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Nationair crash marked quietly

July 11, 2011 – Montreal – The deadliest aviation disaster involving a Canadian-registered aircraft marks its 20th anniversary Monday, its memory faded from the collective national consciousness even before the crash debris was cleared away.


July 11, 2011
By The Canadian Press

July 11, 2011 – Montreal – The deadliest aviation disaster involving a
Canadian-registered aircraft marks its 20th anniversary Monday, its
memory faded from the collective national consciousness even before
the crash debris was cleared away.

The lives of all 261 on board the ill-fated Nationair plane,
including 14 Canadian crew members, were lost on July 11, 1991 when
the plane crashed down in Jeddah, Saudi Arabia.

While Canadians have seen a public inquiry and several memorial
sites dedicated to the 1985 Air India tragedy, few today recall the
crash that currently ranks as the 15th-worst aviation disaster in
history.

"Maybe it's because it didn't happen on Canadian soil," said
Dale Humphrey, a former Nationair senior flight attendant. "Apart
from the initial report, it never really got very much press."

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Though Humphrey was offered the contract to work that particular
charter shift, he turned it down.

It turned out to be a wise decision.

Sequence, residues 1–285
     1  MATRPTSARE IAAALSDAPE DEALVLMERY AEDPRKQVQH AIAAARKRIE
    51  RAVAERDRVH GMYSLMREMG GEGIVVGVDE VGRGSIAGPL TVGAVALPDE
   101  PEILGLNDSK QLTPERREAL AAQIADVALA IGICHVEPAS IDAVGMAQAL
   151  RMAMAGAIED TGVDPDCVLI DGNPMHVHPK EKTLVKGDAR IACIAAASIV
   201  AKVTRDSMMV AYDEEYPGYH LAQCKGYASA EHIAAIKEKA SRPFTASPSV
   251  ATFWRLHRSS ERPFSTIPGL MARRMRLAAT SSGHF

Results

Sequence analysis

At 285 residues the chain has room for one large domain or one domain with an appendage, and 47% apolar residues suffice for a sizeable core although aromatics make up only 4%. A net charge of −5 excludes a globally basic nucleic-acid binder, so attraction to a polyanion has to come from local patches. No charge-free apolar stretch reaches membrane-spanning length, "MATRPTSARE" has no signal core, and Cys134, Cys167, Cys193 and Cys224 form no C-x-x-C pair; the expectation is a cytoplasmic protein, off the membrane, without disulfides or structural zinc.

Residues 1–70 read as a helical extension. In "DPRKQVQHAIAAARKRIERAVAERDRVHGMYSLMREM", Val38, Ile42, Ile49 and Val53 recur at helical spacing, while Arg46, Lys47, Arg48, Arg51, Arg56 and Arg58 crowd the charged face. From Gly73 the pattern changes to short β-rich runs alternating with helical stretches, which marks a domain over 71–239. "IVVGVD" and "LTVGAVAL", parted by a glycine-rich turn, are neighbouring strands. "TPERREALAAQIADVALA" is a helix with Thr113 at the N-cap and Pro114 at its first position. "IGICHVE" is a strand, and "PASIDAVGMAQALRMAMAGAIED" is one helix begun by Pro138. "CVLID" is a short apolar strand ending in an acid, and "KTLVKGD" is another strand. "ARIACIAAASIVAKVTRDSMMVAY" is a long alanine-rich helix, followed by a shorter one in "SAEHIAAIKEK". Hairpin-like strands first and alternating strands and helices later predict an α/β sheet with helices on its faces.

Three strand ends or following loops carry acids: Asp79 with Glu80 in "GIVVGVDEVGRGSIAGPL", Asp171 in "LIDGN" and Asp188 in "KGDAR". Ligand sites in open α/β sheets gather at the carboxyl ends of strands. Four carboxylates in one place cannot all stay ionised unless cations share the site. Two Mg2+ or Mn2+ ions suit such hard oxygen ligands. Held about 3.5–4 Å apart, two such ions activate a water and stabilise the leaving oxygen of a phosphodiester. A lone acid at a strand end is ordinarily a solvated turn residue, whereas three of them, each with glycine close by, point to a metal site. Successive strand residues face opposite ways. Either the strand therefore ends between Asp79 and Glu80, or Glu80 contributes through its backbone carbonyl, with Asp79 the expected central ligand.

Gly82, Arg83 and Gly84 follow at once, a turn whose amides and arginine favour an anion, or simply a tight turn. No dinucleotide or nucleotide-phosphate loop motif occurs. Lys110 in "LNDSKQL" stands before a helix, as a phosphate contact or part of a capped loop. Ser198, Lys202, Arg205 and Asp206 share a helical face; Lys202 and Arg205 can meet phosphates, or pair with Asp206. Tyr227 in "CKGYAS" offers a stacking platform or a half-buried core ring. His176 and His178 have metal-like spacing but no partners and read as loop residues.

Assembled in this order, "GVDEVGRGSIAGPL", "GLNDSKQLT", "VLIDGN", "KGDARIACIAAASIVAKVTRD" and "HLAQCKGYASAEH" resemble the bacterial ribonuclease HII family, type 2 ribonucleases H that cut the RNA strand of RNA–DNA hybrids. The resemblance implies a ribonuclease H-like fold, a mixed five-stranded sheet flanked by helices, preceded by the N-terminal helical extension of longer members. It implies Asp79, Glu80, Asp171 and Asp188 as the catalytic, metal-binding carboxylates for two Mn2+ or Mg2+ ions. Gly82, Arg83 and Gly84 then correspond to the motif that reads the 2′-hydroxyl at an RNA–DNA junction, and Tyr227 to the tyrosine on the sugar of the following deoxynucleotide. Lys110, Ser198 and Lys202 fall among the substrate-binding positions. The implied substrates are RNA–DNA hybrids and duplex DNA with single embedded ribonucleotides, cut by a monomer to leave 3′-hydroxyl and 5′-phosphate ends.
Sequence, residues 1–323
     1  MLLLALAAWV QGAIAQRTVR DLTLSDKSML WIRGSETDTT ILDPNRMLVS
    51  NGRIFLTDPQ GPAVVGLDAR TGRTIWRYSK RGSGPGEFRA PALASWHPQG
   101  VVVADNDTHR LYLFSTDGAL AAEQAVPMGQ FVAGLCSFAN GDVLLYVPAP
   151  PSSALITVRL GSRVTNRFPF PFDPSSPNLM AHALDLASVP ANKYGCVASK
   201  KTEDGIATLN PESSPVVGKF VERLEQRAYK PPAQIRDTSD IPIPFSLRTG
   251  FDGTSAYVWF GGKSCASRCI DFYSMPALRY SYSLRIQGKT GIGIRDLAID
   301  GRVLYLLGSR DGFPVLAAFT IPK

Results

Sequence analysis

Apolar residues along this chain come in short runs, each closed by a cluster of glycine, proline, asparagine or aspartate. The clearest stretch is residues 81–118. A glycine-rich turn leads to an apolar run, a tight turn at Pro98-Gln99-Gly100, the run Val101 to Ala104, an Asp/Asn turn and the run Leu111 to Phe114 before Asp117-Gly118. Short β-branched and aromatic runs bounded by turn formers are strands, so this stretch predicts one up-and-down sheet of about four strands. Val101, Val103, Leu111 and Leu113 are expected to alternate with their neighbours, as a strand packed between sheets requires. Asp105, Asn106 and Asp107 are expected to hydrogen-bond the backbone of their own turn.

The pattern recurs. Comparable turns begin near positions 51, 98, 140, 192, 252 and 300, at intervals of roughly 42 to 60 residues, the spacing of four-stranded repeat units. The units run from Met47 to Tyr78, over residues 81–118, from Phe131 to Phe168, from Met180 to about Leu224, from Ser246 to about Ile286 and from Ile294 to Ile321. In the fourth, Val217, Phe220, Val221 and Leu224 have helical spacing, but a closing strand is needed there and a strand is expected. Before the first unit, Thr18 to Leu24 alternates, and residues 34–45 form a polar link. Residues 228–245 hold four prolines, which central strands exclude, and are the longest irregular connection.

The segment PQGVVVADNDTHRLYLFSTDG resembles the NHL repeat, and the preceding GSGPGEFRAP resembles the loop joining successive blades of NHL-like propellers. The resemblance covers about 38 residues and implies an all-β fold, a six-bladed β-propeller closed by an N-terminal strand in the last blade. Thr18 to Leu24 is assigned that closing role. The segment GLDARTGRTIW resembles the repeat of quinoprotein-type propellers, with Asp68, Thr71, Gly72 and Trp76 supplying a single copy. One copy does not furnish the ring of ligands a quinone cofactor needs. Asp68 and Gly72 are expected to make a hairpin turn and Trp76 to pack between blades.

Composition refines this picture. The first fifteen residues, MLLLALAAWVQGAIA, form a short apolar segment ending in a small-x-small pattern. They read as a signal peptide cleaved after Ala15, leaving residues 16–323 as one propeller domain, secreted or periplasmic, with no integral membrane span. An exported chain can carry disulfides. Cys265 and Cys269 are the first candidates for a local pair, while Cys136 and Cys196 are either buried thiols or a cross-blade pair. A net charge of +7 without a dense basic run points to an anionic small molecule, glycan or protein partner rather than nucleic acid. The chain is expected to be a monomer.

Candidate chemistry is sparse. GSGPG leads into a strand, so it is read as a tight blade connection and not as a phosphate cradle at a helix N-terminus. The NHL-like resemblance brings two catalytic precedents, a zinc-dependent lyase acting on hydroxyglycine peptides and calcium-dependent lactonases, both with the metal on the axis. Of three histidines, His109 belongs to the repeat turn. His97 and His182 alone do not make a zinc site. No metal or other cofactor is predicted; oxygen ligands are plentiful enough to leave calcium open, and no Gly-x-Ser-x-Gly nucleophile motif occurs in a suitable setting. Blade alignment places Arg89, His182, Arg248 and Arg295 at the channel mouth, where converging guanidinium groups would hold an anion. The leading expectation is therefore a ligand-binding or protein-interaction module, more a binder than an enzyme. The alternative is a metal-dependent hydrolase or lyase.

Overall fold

Two tires of Flight 2120, chartered by Nigeria Airways to
transport Muslims to Mecca for the Hajj pilgrimage, ignited upon
takeoff. Shreds of burning rubber were kicked up into the wheel
well, quickly spreading flames throughout the fuselage.

A third tire exploded just after the DC-8-61's landing gear
retracted, knocking out the craft's electrical and hydraulic
systems.

Within minutes the flight, fully engulfed in flames, broke apart
in midair and plummeted into the desert.

"When it happened, it was all over CNN for a week. But a lot of
people (in Canada) didn't even hear about the crash," said Lina
Colacci whose 23-year-old sister Dolores, a flight attendant,
perished in the disaster.

Allegations of questionable safety practices had long been
rumoured at Nationair.

Subsequent media reports revealed that the carrier regularly flew
aircraft that were not airworthy _ and that Transport Canada was
aware of the practice.

They said the under-inflated and well-worn tires were due to be
changed days earlier. However, delays from the previous day's
emergency repairs for wing and radar issues _ along with a misplaced
set of keys for the tire storage depot _ prompted the airline to
dispatch the un-airworthy plane that morning, as planned.

The federal government declared after an investigation, in 1998,
that there were deficiencies in a number of operational and
management areas at Nationair, especially in maintenance work.

"My sister had kept a journal,'' said Colacci, “and she had
written how she was scared that the safety of Nationair was
lacking."

Colacci recounted journal entries that described staff